I suspect that this is a pretty common trend, and one that I can only see continuing. That keeps the requirement for overall power consumption down. And this is what you see with population increases since the mid 80s. There has been a massive increase in population since then along with a proliferation of workspaces and retails spaces. But there has been very little new generating capacity added,

      • Pat 1.1.1

        agree efficiencies are being made in all manner of appliances and yes there has been a significant increase in population over the example period, but not a factorial increase I note…..nor have we yet added the substantial demand of electric powered transport , both private and public.
        Electricity currently (excuse the pun) supplies only approx one quarter of our energy demand

        • weka 1.1.1.1

          Then there’s the ghg footprint of replacing appliances with more efficient ones. Especially if that is happening repeatedly over time.

      • Naki man 1.1.2

        I cant see any of todays comments and most of yesterdays
        Is there anything that i can do to fix the problem??

        • lprent 1.1.2.1

          Try Ctrl+F5.

          What operating system and browser including their rough versions. Are you behind a corporate browser?

          I see that other people are having problems as well. I’ll turn off the http2 as an elimination and see if that corrects the issue.

  2. Lanthanide 2

    “Sure petrol prices will have to drop. ”

    I think you mean rise. [lprent: – corrected. ]

    “It is also clear that new large capacity generation simply isn’t required in NZ – we have more than enough of that for times when wind and sun are low.”

    What about silting up of dams? I understand that once a dam gets silted up, it’s very difficult and expensive to remediate. We might have the capability and resources to dedicate to a job like that now, but will we have the same capability and resources to do that job in 30-40 years time?

    • Colonial Viper 2.1

      You need a lot of fossil fueled vehicles to dredge a dam, and it needs to be done every 50 years or so.

    • ianmac 2.2

      Lanthanide. I clean my water tank by inserting a pipe from the top, to act as a vacuum cleaner by syphoning water and silt to a lower level. I wonder if a much larger version would be feasible at a dam?
      Gosh. I could make millions by de-silting dams.

    • lprent 2.3

      Dams do silt if they aren’t maintained (ie dredged occasionally). But we have mainly mountain dams which require way less than long river dams like those on the Waikato (or the Nile). Annual maintenance on dams is pretty cheap. On our dams it remains pretty cheap up until the time that you have to refurbish generators and water pipes.

  3. save nz 3

    Great post +1000. It is very clear that NZ can not only do a lot more for climate change, but will benefit from doing so, and the sooner the better.

  4. Bill 4

    Decentralise the grid? tick

    Manage 10 million cows differently? Nah. Got to drastically reduce that herd.

    Put a price on carbon? Nah. Doesn’t work and won’t work. (Would need to be thousands of dollars per tonne. And that blows any semblance of equity out of the window…as well as, probably, ushering in economic chaos.)

    Government subsidies? tick But I’d be arguing for a direct resource subsidy paid for by reallocating the current fossil industry subsidy (a couple of billion $ per year) and giving it directly to people and business in the from of actual resource (free fossil fuel subjected to a sinking cap).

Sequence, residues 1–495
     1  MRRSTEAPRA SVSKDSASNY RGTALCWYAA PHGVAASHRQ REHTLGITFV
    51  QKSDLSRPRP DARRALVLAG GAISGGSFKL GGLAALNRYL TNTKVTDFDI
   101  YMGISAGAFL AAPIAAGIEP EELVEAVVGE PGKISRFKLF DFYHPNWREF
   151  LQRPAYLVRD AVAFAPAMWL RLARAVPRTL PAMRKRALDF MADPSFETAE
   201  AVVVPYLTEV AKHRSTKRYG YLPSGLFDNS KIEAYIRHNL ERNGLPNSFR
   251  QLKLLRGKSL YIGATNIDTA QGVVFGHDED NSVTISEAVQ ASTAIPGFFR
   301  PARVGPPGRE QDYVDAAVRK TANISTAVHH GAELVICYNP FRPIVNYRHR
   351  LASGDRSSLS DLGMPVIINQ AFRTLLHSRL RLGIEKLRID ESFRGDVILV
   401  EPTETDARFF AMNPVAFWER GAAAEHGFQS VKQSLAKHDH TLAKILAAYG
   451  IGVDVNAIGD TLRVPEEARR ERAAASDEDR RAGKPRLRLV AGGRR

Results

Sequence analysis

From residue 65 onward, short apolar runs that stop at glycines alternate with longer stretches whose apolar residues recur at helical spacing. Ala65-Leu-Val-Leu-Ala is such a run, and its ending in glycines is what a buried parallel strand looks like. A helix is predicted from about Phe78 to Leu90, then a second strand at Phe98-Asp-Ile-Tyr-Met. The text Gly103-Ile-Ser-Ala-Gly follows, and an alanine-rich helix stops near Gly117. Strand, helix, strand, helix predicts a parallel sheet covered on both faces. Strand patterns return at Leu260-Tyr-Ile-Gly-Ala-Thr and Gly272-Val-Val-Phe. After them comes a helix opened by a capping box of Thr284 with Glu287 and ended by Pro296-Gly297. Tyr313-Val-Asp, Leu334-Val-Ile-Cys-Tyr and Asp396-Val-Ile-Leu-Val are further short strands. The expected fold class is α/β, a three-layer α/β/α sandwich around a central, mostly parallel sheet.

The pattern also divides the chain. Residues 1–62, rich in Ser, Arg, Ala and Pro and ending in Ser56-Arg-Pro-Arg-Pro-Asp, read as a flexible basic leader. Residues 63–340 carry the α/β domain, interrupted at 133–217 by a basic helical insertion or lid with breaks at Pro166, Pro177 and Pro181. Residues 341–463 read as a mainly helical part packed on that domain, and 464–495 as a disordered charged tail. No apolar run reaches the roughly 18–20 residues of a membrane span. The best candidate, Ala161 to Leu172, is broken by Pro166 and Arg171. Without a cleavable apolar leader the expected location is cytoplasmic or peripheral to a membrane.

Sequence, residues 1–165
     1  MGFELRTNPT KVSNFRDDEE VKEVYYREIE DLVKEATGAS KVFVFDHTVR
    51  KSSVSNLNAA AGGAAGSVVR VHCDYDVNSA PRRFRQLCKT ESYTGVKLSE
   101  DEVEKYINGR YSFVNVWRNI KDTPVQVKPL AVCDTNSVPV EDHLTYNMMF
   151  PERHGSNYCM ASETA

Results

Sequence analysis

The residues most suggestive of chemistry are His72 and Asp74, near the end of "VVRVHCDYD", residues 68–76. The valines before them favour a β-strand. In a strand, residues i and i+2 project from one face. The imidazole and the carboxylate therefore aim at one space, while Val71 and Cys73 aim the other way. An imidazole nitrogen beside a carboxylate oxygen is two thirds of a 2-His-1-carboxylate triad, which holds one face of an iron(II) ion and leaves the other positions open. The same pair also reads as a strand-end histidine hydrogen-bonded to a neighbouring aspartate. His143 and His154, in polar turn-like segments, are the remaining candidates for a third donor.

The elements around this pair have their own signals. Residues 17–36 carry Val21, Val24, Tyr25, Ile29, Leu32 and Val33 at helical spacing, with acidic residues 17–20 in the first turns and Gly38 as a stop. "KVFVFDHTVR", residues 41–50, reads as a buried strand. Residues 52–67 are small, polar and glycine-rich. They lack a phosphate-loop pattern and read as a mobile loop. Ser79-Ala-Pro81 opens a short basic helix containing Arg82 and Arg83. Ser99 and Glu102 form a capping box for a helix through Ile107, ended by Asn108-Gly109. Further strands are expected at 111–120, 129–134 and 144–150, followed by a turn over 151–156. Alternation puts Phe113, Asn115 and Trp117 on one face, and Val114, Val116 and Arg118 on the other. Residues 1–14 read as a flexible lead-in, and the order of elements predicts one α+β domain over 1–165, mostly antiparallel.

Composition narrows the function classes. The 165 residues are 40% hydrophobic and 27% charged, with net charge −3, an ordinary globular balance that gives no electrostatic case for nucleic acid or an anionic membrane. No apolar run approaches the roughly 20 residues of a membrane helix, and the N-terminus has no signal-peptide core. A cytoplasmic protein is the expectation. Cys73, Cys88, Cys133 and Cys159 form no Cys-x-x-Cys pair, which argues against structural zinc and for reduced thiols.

• It’s not an either/or on dairy, btw. We should be reducing the herd and managing the bits that we keep differently.

      You’re right that we’re probably past a carbon price alone being sufficient, but it can be part of a package of measures dealing with the problem.

      • Bill 4.1.1

        Sure. I didn’t mean to imply it was ‘either/or’ with regards the numbers of ruminants in NZ…it’s both.

  5. Draco T Bastard 5

    Electricity for instance. We’re going to need a much better system for distributing electricity over the next decades.

    And the only way we’re going to get that is when electricity is produced and maintained under a single plan rather than under multiple competing plans designed to make a profit. In other words, we need it to be a government monopoly service.

    Removing the need to import so much fuel will do wonders for our trade imbalances.

    With the correct use of renewables, production of bio-fuels and use of sail I doubt if we’d need to import fuel at all. And that would be the most cost effective and economic way to power our society. The hydrocarbons we produce could then be used for more important things and then recycled to be used for other more important things instead of being sold for burning to cover the imports that we have.

    It’s pure delusion to believe that destroying resources through burning them is cheaper than not doing so.

    • The New Student 5.1

      So back to how it used to be? I can’t help but think this whole exercise has been a massive waste of money. Or rather, a massive redistribution

  6. Dmitry 6

    One strikingly defeatist mentality I come across frequently is the idea that New Zealand, a small island chained to the fence by agriculture exports which is responsible for over half of our emissions, will not change the inevitability of climate change due to the sheer amount of pollution being released by other countries and large companies.

    Why then did NZ bother with being first giving women the vote in the 19th century and going nuclear free in the 80s??? Wasn’t its impact the same insignificant fraction when compared globally that didn’t matter?